I felt that the subject matter could go deeper and because of who she is isn't clear when we first glance at the photograph I interpreted it in a way that Teller was taking the photograph to give the impression that she wasn't able to see him, that he was creeping up on her and presenting a strange and unnerving situation. It could address social issues - the fact someone so young has a gun could be symbolising a danger to society. Also cultural issues because of the varying rules and ages set on the purchasing/owning of a gun. The photograph is treated realistically, although on the shot above it looks like it has been given a slightly olden vintage look to it the photograph in the gallery didn't emphasise the brown of the pond at all. It kept the olive green and grey shades of green realistic. As if it was trying to present exactly what the eye would see if the viewer were there themselves. No action is taking place, we wonder whether it has, we wonder of her story and why she has a gun. We wonder is this situation presenting something she shouldn't have done? Is her walking into a lake with a gun a sign of madness? She is wearing waders which shows that she has a purpose to be in the lake, is she bird shooting or hunting something in the trees around the lake?
The piece has been framed quite awkwardly, she is the focus of the photograph yet she isn't in the middle, she isn't aware of the shot being taken, the shot is a good 6m apporx. away from her so the framing is quite wide, as if someone is peering out of the bushes/leaves at her. I can't see a pattern in shapes, although I can see quite a rough texture created from the leaves taking up the majority of the photograph, different shades of plant are picked out, the photograph is perfectly in focus but we get a sense of it blurring because of the distance taking away each individual detail of each leave. Colour is an important formal element used in this because it gives a realistic view and uses a scheme of browns and greens (mainly greens), her clothing also matches this spectrum. Contrast has been increased to bring the colour out. The photographs arrangement is pleasing because of the way it gets you thinking because you feel you are in Teller's shoes taking the photograph in a sneaky way and can create a lot of narrative on why she is there.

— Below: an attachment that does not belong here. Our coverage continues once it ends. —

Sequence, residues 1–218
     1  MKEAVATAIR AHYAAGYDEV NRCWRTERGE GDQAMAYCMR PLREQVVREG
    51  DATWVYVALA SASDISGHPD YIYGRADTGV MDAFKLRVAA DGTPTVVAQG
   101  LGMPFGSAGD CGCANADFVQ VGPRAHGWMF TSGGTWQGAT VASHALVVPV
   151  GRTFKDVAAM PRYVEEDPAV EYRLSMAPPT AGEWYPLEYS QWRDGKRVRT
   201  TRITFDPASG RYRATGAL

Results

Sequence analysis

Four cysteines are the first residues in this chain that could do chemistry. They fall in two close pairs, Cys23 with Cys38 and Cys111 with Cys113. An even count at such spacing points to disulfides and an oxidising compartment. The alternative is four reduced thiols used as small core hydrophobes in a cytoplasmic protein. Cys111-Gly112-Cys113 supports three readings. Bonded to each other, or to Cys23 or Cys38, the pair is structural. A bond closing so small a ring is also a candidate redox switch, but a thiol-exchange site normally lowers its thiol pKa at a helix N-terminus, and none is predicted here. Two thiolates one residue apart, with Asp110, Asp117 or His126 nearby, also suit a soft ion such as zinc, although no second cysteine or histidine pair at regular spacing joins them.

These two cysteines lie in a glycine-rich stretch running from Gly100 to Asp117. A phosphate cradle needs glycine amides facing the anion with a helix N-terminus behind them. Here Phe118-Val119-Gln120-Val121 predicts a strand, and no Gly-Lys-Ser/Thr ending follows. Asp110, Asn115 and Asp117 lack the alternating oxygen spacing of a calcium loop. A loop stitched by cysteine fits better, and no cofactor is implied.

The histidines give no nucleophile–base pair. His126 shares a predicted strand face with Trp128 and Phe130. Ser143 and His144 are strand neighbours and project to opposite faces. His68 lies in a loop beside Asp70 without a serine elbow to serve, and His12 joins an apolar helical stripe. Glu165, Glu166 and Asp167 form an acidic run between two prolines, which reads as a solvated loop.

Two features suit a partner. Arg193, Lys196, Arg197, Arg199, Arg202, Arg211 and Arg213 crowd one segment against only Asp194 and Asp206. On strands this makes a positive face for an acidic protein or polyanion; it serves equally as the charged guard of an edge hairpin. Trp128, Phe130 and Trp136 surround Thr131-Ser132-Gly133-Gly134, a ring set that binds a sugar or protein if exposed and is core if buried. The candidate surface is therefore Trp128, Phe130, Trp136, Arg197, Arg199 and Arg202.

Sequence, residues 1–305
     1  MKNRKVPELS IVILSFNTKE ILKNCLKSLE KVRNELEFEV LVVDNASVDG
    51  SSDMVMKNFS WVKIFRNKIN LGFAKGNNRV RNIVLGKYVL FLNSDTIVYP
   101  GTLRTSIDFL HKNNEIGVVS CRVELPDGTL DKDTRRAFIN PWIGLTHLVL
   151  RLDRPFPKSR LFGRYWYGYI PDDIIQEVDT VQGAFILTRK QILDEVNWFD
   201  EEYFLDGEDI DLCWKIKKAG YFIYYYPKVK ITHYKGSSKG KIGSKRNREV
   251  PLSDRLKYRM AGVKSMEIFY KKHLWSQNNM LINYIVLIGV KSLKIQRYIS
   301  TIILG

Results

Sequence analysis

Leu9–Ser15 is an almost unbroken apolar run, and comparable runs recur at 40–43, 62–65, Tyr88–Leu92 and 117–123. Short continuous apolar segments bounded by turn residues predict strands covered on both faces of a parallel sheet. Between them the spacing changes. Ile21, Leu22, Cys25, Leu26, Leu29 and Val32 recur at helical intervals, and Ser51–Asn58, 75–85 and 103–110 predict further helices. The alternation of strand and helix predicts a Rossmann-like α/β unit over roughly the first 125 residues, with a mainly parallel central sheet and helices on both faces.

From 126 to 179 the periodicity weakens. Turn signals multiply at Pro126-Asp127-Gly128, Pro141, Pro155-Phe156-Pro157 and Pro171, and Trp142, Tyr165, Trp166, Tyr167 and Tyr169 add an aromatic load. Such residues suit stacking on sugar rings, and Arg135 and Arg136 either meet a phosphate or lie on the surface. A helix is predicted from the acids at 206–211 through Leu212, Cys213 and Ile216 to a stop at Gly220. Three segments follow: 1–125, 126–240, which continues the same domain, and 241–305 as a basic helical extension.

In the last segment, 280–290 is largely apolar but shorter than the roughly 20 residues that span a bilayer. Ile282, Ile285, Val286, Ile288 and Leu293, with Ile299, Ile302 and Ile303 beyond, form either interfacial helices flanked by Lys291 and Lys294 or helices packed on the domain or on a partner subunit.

The photograph has been planned because of the fact he has used his daughter, she is wearing waders and has needed a gun for this although it is made to look casual and spontaniously produced. The camera has a normal lens on it, in focus, quite a wide shot so maybe slightly widely angled. Lighting is natural rather than dramatic. It is a digital image rather than darkroom and the enhancements are kept minimal (contrast combined with brightness) and done digitally, perhaps photoshop.
This work effected me by being the photograph in this room that drew me the most because of the mysterious factor it had. It doesn't remind me of anything I have experienced before, it represents a story rather than a poem or literature work. The artists feelings when carrying out this work must have been quite relaxed as he was doing it with his daughter for personal reasons rather than buisness purposes. Words that I would use to describe this piece are silent, natural, mysterious, strange, green.
After coming to the end of the exhibiton I realised that the first three subjects photographed that you see (Kurt Cobain, a fluffy kitten, Vivienne Westwood), could be a brief outline of everything to expect within. WHich includes cute things, people involved with music as Cobain was, nudes, modelling, random unplanned locations and classy shoots. Also to expect anything. I really liked this visit, it wasn't what I'd expected and it wasn't like anything I had ever seen before, although first of all everything looks random and irrelevant, the opinion changes when you see the reality presented and the symbolic ways Teller has done this. The layout shows that framing and spacing give a classy feel to it whereas the little room stripped all of this away and kept everything as naked as possible in terms of looking at his work and not any framing or enhancements. It is like a big montage of everything he has photographed on the more contemporary side. If these photographs were seen 20 years ago the shock factor would be much higher, it shows what has evolved and became more normal and seen as much more exceptable compared to the older days.